In some implementations, any and/or all of components of the EPS 102, both hardware and/or software, may interface with each other and/or an interface 104 (described below) using an application programming interface (API) 112 and/or a service layer 113. The API 112 may include specifications for routines, data structures, and object classes. The API 112 may be either computer language independent or dependent and refer to a complete interface, a single function, or even a set of APIs. The service layer 113 provides software services to the example distributed computing system 100. The functionality of the EPS 102 may be accessible for all service consumers using this service layer. Software services, such as provide reusable, defined business functionalities through a defined interface. For example, the interface may be software written in JAVA, C++, or other suitable language providing data in extensible markup language (XML) format or other suitable format.
While illustrated as an integrated component of the EPS 102 in the example distributed computing system 100, alternative implementations may illustrate the API 112 and/or service layer 113 as a stand-alone component in relation to other components of the example distributed computing system 100. Moreover, any or all parts of the API 112 and/or service layer 113 may be implemented as child or sub-modules of another software module, enterprise application, or hardware module without departing from the scope of this disclosure.
The EPS 102 includes an interface 104. Although illustrated as a single interface 104 in FIG. 1, two or more interfaces 104 may be used according to particular needs, desires, or particular implementations of the example distributed computing system 100. The interface 104 is used by the EPS 102 for communicating with other systems in a distributed environment—including within the example distributed computing system 100—connected to the network 130; for example, the client 140 as well as other systems (not illustrated) communicably coupled to the network 130. Generally, the interface 104 comprises logic encoded in software and/or hardware in a suitable combination and operable to communicate with the network 130. More specifically, the interface 104 may comprise software supporting one or more communication protocols associated with communications such that the network 130 or interface's hardware is operable to communicate physical signals within and outside of the illustrated example distributed computing system 100.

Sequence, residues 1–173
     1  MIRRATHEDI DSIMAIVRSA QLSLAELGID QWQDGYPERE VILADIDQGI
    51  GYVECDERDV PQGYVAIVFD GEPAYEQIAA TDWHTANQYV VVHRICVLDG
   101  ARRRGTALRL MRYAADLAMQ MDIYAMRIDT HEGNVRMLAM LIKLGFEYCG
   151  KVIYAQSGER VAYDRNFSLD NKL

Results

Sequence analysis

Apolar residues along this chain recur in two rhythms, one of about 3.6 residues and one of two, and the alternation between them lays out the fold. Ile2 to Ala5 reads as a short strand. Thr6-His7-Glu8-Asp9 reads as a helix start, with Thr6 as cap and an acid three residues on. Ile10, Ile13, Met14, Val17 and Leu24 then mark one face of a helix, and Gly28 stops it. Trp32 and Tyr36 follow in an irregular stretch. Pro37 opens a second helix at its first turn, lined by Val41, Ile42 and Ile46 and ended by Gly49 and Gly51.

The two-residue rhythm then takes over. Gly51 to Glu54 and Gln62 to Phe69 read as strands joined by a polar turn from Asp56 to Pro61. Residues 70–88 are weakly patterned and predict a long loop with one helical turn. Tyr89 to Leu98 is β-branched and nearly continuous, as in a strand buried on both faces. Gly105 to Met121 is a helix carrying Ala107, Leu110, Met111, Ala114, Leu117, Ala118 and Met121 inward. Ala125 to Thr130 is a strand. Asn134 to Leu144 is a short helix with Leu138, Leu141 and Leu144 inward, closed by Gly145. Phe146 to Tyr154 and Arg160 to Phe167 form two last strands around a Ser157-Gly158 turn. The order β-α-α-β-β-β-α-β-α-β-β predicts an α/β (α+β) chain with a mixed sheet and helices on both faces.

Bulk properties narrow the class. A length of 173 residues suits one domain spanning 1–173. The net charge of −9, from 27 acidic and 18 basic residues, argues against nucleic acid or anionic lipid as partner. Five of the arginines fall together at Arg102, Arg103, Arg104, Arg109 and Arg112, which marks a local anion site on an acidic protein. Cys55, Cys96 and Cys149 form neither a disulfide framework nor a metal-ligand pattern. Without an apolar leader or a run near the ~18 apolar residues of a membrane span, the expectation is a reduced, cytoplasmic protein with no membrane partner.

The EPS 102 includes a processor 106. Although illustrated as a single processor 106 in FIG. 1, two or more processors may be used according to particular needs, desires, or particular implementations of the example distributed computing system 100. Generally, the processor 106 executes instructions and manipulates data to perform the operations of the EPS 102. Specifically, the processor 106 executes the functionality required to provide camera-based portal content security for client devices.
The EPS 102 also includes a memory 107 that holds data for the enterprise server 102. Although illustrated as a single memory 107 in FIG. 1, two or more memories may be used according to particular needs, desires, or particular implementations of the example distributed computing system 100. While memory 107 is illustrated as an integral component of the EPS 102, in alternative implementations, memory 107 can be external to the EPS 102 and/or the example distributed computing system 100. In some implementations, the memory 107, i.e., the content repository for the ERP that holds the description and/or data for all objects in the EPS 102, includes one or more instances of a content object 114, content 115, and a user configuration 116.